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Re: Arctic/Atlantic island hopping?

Post by Richard Anderson » 22 Dec 2022 16:11

Peter89 wrote:
22 Dec 2022 07:46
Even out of that 9 (or 8) aircrafts of 9./KGzbV 108 3 were BV 138, disqualified earlier plus 3 (or 4) Do 26s were destroyed (V2 on 8 May 1940, V1 & V3 on 28 May 1940) before the ATL airlift begins. The V5 was lost in November 1940.
Indeed but I was just trying to figure out where they came up with "50 to 60"?
The Ju 52s are interesting. I am not sure they'd be able to reach the Spitsbergen with any sensible payload. It is also questionable from where would they fly.
For sure. But apparently all "flying boats" are the same in fantasies.
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Urmel
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Re: Arctic/Atlantic island hopping?

Post by Urmel » 22 Dec 2022 16:59

Richard Anderson wrote:
22 Dec 2022 16:08
3. There were a total of 5-6 submarines I can account for under the Brits/Free Norwegians in the North Sea in mid 1941, when I propose this alternate operation take place.
Um, no, try about four times that many submarines.
I get to 31 submarines in four flotillas, 3, 5, 7 and 9, based on this:

https://www.naval-history.net/xDKWW2-4107-34aRNHome.htm
The enemy had superiority in numbers, his tanks were more heavily armoured, they had larger calibre guns with nearly twice the effective range of ours, and their telescopes were superior. 5 RTR 19/11/41

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Re: Arctic/Atlantic island hopping?

Post by Richard Anderson » 22 Dec 2022 17:07

Urmel wrote:
22 Dec 2022 16:59
Richard Anderson wrote:
22 Dec 2022 16:08
3. There were a total of 5-6 submarines I can account for under the Brits/Free Norwegians in the North Sea in mid 1941, when I propose this alternate operation take place.
Um, no, try about four times that many submarines.
I get to 31 submarines in four flotillas, 3, 5, 7 and 9, based on this:

https://www.naval-history.net/xDKWW2-4107-34aRNHome.htm
Only Germans used submarines in World War II. Right?
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Urmel
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Re: Arctic/Atlantic island hopping?

Post by Urmel » 22 Dec 2022 17:16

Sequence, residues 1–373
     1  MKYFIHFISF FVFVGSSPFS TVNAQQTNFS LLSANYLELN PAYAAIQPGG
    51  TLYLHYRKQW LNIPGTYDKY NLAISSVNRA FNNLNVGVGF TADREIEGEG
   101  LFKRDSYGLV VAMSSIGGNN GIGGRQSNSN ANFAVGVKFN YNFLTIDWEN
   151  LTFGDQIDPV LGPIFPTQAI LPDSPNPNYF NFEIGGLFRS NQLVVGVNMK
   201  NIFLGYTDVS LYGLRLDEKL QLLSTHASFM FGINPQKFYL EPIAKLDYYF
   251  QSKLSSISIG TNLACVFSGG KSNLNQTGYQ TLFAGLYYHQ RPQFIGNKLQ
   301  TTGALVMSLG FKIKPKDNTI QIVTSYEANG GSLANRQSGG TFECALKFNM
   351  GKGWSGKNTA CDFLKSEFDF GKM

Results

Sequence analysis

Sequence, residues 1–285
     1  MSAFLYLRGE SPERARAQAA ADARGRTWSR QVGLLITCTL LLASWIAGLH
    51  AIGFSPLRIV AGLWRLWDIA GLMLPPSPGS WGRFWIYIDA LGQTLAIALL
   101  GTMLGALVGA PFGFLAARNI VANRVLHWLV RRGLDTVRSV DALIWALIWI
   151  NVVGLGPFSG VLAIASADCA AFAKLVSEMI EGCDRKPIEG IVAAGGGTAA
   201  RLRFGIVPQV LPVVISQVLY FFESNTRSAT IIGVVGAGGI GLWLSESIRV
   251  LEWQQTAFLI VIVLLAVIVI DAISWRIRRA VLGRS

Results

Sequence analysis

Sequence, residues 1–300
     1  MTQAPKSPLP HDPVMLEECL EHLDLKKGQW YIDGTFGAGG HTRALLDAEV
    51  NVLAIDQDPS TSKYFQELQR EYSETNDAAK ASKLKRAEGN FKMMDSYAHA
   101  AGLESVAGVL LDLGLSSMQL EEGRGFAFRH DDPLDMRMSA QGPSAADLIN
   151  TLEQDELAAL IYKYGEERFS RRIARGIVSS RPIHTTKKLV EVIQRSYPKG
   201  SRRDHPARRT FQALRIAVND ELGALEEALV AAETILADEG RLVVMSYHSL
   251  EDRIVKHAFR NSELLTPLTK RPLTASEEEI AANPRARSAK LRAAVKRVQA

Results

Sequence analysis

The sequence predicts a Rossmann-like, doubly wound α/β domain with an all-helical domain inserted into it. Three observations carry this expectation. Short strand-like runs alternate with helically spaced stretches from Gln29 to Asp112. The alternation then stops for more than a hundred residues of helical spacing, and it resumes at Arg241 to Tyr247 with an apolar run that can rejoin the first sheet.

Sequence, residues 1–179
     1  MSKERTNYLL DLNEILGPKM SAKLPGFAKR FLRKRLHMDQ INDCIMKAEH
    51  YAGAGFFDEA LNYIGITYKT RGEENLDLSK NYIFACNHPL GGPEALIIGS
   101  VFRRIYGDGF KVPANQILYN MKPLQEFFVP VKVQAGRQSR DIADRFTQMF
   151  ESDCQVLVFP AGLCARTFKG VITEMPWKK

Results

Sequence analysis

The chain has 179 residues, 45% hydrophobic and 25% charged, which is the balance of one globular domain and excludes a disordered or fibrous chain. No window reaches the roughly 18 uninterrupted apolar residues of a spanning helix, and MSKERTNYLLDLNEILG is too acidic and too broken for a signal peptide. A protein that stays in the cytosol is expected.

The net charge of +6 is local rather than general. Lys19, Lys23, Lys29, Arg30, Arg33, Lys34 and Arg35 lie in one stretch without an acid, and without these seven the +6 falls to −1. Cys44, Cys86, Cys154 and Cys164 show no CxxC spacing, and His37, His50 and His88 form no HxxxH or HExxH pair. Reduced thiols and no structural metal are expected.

Yeah. Totally forgot about that. Sorry.
The enemy had superiority in numbers, his tanks were more heavily armoured, they had larger calibre guns with nearly twice the effective range of ours, and their telescopes were superior. 5 RTR 19/11/41

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Peter89
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Re: Arctic/Atlantic island hopping?

Post by Peter89 » 22 Dec 2022 22:48

thaddeus_c wrote:
22 Dec 2022 14:55
Peter89 wrote:
22 Dec 2022 07:46
thaddeus_c wrote:
21 Dec 2022 20:30
Peter89 wrote:
21 Dec 2022 20:06


Really?

Which aircrafts do you mean?

No offense, I'm simply curious. I thought I am familiar with German airlift capabilities in early war, but this is a number I have never encountered before.
https://www.airhistory.net/text/misc/na ... twaffe.php

https://en.wikipedia.org/wiki/Dornier_Do_18 and https://en.wikipedia.org/wiki/Dornier_Do_24

and my speculating use of any French and Dutch DO-24s, OR they would have to use the BV-138
Thanks for the links, I guess we have a misunderstanding here. The Do 18 was not a transport plane by any stretch of imagination; they needed catapult ships for a takeoff with mails. Thus the 50-60 on hand doesn't really count.

The Do 24 is okay, albeit not too effective, because it carried some 600 kg bombs and was usually employed in maritime patrol and sea rescue operations.

Interestingly, you left out the BV 222, which actually flew missions in the Arctic, and had a payload that probably exceeded the payload of the handful of Do 24s' payload combined.
yeah , a misunderstanding

calculated the Germans transporting troops and materials by ships (ideally at least some coal-fired), but given their disaster(s) at Narvik they would want/need some airlift capability organized too? (and I was not including a usable airfield thus flying boats)

if we are prohibited from speculating they could build more Dornier aircraft based on wartime experience then include BV-138s (they did install more powerful diesels in 1940)

(IDK about the BV-222 and its development cycle, or whether they could have used the HE-115 and attach materials? thus I did not mention them.)
The He-115 was the same dead end as the Do 24; it could carry about 1200 kg, but outside of the fuselage. I think we all know what that means beyond the polar circle.

The airstrip is necessary for your idea, no? I mean how would the Germans attack the convoys?
Orwell1984 wrote:
22 Dec 2022 15:58
The challenge of using flying boats/float planes is that they are even more weather dependent than regular aircraft. They cannot safely land in anything but the calmest waters. An examination of units from all sides of the war show numerous losses due to bad weather, rough seas or even heavy swells (He 115's, Sunderlands, Bv138's, Catalinas, Do 24s).